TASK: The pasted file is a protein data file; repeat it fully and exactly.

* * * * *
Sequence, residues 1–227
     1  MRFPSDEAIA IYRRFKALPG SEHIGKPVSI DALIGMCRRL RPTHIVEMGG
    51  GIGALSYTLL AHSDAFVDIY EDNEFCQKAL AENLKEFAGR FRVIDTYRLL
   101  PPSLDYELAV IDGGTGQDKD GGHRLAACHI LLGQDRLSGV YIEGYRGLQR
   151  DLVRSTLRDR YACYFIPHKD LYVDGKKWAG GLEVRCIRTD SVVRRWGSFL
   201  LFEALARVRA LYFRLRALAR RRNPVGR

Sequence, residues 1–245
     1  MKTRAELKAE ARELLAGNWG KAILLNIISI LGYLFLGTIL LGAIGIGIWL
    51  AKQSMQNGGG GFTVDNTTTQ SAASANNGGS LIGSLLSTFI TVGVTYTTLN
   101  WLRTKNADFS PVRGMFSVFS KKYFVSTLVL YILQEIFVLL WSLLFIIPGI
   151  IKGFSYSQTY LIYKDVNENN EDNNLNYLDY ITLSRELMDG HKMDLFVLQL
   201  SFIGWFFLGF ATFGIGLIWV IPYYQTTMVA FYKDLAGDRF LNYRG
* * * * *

Sequence, residues 1–227
     1  MRFPSDEAIA IYRRFKALPG SEHIGKPVSI DALIGMCRRL RPTHIVEMGG
    51  GIGALSYTLL AHSDAFVDIY EDNEFCQKAL AENLKEFAGR FRVIDTYRLL
   101  PPSLDYELAV IDGGTGQDKD GGHRLAACHI LLGQDRLSGV YIEGYRGLQR
   151  DLVRSTLRDR YACYFIPHKD LYVDGKKWAG GLEVRCIRTD SVVRRWGSFL
   201  LFEALARVRA LYFRLRALAR RRNPVGR

Sequence, residues 1–245
     1  MKTRAELKAE ARELLAGNWG KAILLNIISI LGYLFLGTIL LGAIGIGIWL
    51  AKQSMQNGGG GFTVDNTTTQ SAASANNGGS LIGSLLSTFI TVGVTYTTLN
   101  WLRTKNADFS PVRGMFSVFS KKYFVSTLVL YILQEIFVLL WSLLFIIPGI
   151  IKGFSYSQTY LIYKDVNENN EDNNLNYLDY ITLSRELMDG HKMDLFVLQL
   201  SFIGWFFLGF ATFGIGLIWV IPYYQTTMVA FYKDLAGDRF LNYRG